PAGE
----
Code:
    main(int argc,char *argv[])
    {
    char mystring[100] ;
    
    if ( argc > 1 )
        {
        strlcpy(mystring,argv[1],sizeof(mystring));
        reverse(mystring) ;
        printf("%s\n",mystring) ;
        }
    }
    
    /* reverse: reverse string s in place */
    ...
    
    The program could be smarter than that. It could output a message if you forget to give an argument. It could loop through as many arguments as you give, reversing each one.

    I could explain more about why I used strlcpy() and why I used mystring instead of calling reverse(argv[1]) more directly, if you want more details.

    P.S. You need a semicolon after "s = s[j]" in reverse().
     
  5. jamesapp thread starter macrumors 6502a

    Joined:
    Mar 7, 2008
    #5
    what about blank spaces, the book calls them white spaces i think. could i modify the code to take into account blank spaces?
     
  6. Sander macrumors 6502

    Joined:
    Apr 24, 2008
    #6
    1. You can also type your text into a file using your favorite text editor, and "pipe" it into your program. Since your program already reads from standard input (stdin), you can easily do

    ./myprogram < myfile.txt

    Since your program also already outputs to standard output (stdout), you can redirect its output to another file too:

    ./myprogram < myfile.txt > myoutput.txt

    You get bonus points for making the specific string to look for an option to the program, so you can say

    ./skipifcontains ould < myfile.txt > myoutput.txt

    2. Please, everyone, the correct form for main() is either

    Code:
    int main(void) { /* ... */ }
    or

    Code:
    int main(int argc, char* argv[]) { /* ... */ }
     
  7. Doctor Q Administrator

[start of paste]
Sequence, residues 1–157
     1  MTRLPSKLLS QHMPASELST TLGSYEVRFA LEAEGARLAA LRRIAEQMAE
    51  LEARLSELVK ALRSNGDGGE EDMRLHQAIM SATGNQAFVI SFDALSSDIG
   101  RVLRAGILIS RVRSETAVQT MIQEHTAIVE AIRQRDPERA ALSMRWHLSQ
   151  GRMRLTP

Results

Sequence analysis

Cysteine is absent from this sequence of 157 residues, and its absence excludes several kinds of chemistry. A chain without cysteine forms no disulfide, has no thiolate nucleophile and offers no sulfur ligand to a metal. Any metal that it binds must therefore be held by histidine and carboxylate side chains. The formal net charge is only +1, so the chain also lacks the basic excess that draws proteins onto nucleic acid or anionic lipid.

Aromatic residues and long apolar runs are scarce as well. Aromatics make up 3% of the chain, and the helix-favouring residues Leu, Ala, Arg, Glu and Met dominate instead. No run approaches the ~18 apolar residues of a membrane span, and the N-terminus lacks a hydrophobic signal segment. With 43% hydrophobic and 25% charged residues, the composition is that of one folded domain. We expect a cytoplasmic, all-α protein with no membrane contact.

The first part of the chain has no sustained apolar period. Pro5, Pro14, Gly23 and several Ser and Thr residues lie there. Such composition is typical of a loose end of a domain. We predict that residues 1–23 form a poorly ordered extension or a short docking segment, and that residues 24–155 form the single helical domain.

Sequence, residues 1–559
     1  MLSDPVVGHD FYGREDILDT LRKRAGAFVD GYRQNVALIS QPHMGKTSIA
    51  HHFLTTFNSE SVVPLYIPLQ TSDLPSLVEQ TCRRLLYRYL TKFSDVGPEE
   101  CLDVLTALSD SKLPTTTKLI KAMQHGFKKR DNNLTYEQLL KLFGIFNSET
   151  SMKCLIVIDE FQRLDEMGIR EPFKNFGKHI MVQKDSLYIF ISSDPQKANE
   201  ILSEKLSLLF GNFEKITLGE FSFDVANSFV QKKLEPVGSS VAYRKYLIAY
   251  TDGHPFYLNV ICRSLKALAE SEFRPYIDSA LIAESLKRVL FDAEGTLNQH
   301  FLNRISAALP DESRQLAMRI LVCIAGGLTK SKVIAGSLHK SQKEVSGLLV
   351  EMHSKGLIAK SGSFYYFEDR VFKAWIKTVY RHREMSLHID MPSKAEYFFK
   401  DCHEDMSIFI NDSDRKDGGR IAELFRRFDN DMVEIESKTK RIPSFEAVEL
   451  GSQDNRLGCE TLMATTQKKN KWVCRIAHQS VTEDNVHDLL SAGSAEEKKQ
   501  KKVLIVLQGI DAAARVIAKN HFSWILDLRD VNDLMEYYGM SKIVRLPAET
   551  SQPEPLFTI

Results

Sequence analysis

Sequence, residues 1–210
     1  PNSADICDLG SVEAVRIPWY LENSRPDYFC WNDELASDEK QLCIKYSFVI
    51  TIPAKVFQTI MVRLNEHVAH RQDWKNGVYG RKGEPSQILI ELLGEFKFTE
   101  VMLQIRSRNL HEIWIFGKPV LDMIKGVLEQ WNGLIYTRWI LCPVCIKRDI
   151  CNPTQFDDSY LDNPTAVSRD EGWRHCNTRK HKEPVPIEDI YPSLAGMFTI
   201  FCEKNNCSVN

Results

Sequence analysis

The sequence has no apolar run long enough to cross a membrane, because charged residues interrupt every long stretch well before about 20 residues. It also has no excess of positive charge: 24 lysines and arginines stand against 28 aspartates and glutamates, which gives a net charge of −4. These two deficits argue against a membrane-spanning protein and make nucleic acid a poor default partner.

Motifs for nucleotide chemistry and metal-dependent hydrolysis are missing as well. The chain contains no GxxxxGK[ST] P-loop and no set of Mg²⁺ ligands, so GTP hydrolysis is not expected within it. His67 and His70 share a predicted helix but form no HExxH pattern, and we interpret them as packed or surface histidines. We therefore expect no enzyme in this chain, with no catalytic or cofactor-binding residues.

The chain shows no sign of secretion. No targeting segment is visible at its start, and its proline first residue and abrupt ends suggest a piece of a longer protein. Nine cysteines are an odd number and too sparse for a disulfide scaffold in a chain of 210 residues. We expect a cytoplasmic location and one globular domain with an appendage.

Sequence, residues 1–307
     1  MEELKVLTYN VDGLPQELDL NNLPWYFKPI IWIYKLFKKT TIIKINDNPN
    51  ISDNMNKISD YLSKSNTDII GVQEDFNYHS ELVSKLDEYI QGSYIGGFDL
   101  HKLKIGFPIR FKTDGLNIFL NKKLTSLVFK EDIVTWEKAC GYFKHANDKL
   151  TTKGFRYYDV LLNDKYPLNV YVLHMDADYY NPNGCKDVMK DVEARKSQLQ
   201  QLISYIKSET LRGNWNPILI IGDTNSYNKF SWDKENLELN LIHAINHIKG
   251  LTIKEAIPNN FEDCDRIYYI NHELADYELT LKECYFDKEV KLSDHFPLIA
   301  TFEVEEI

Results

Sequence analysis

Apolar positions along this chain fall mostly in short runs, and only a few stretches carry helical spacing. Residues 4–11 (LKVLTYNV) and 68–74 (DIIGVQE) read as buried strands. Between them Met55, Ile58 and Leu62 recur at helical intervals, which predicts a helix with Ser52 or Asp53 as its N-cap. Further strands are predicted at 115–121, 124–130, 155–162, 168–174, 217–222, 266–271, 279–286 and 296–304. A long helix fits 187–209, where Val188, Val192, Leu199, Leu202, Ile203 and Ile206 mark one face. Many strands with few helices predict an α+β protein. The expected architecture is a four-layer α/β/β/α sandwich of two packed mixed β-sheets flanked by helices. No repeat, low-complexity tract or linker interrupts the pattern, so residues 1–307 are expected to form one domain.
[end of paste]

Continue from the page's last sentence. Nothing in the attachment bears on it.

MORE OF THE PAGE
Doctor Q

    Staff Member

    Joined:
    Sep 19, 2002
    Location:
    Los Angeles
    #7
    "Whitespace" usually refers to spaces and tabs, and sometimes to spaces, tabs, and linebreaks.

    What do you mean by "take into account"? Are you saying that the pattern ould should match a line like this?
    According to this memo uld stands for Unit Load Device.​
    Or are you saying that the pattern ou ld it would match a line like this?
    Ah Love! could you and I with Fate conspire​
    Or Both?

    Just want to be clear what you are asking so we don't give the wrong advice.
     
  8. jamesapp thread starter macrumors 6502a

    Joined:
    Mar 7, 2008
    #8
    i was thinking of spaces in the reverse program.
     
  9. Doctor Q Administrator

    Doctor Q

    Staff Member

    Joined:
    Sep 19, 2002
    Location:
    Los Angeles
    #9
    Sorry, I should have realized that makes more sense.

    How to organize your program

    Removing blanks and reversing a string can be done independently and in either order, or all at once, e.g.,
    1. reverse string then remove blanks: gate man -> nam etag -> nametag
    2. remove blanks then reverse string: gate man -> gateman -> nametag